Australia, where I live, is probably the skin cancer capital of the world. (It may have something to do with white skinned people adopting an outdoors lifestyle in a sunny climate.)
There was a very good response to this by the Australian government. They ran a huge education campaign about the dangers of skin cancer. (One of the skin cancers, melanoma, is one of the most virulent cancers. If you have a mole that may have changed colour or shape, please get it checked. My partner checked, three years ago now – if she hadn’t then she would very likely be dead by now.)
The government campaign was: slip, slop, slap. (Slip on a shirt, slap on some sunscreen, slap on a hat.)
My partner and I practised this faithfully. We also avoided going out during high the high UV time of day. (This is published online in Australia, for each region, by the Australian Bureau of Meteorology).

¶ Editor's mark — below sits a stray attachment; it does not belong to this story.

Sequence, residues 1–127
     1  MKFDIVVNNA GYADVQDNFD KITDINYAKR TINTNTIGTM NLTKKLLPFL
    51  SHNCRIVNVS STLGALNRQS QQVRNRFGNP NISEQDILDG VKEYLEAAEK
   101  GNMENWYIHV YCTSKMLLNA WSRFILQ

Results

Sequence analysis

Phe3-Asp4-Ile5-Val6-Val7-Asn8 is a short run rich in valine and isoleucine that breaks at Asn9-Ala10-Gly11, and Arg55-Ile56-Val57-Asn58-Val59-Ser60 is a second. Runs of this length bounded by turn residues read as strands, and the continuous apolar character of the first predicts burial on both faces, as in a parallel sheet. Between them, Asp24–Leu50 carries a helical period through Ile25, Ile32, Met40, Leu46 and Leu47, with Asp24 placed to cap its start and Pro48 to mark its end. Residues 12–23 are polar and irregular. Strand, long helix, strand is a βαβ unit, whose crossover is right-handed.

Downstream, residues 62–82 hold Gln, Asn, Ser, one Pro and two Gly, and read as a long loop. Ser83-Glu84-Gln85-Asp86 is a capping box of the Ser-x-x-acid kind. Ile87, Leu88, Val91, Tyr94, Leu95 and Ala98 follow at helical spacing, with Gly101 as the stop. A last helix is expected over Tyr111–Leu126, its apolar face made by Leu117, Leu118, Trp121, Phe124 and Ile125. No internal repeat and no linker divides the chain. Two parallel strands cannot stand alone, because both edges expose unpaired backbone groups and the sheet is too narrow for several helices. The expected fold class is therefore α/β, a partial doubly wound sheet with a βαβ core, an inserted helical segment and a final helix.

In fact it seems that we practised it too well. It seems that my partner may now have a low Vitamin D count (or a very mild deficiency).
The research on Vitamin D and its role in physical and mental health is relatively new. However it does seem that somes things are clear enough to take notice of.
A lack of Vitamin D may be linked to depression and other psychiatric disorders. This is a small study – and I don’t think it proves causation; but it is worth noting.
Vitamin D deficiency has also been linked to some forms of cancer, heart disease and diabetes. A good overview is given in this video from Australia’s ABC TV.
In general the conclusion seems to be that we need about 15 minutes of sun falling on at least 15% of our skin (arms as well as face) each day. To avoid the dangers of skin cancer do this outside the peak times for UV (between 9-3 in most parts of Australia most of the year). This will vary depending on the season and where you live.
You can find information on the symptoms of Vitamin D deficiency and non-medical options for treatment on this page.
Enjoy the summer, if you’re in the northern hemisphere (but look after your skin), enjoy the winter if you’re in the southern hemisphere (and get some sunlight on your skin everyday if you can).
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Tags: vitamin d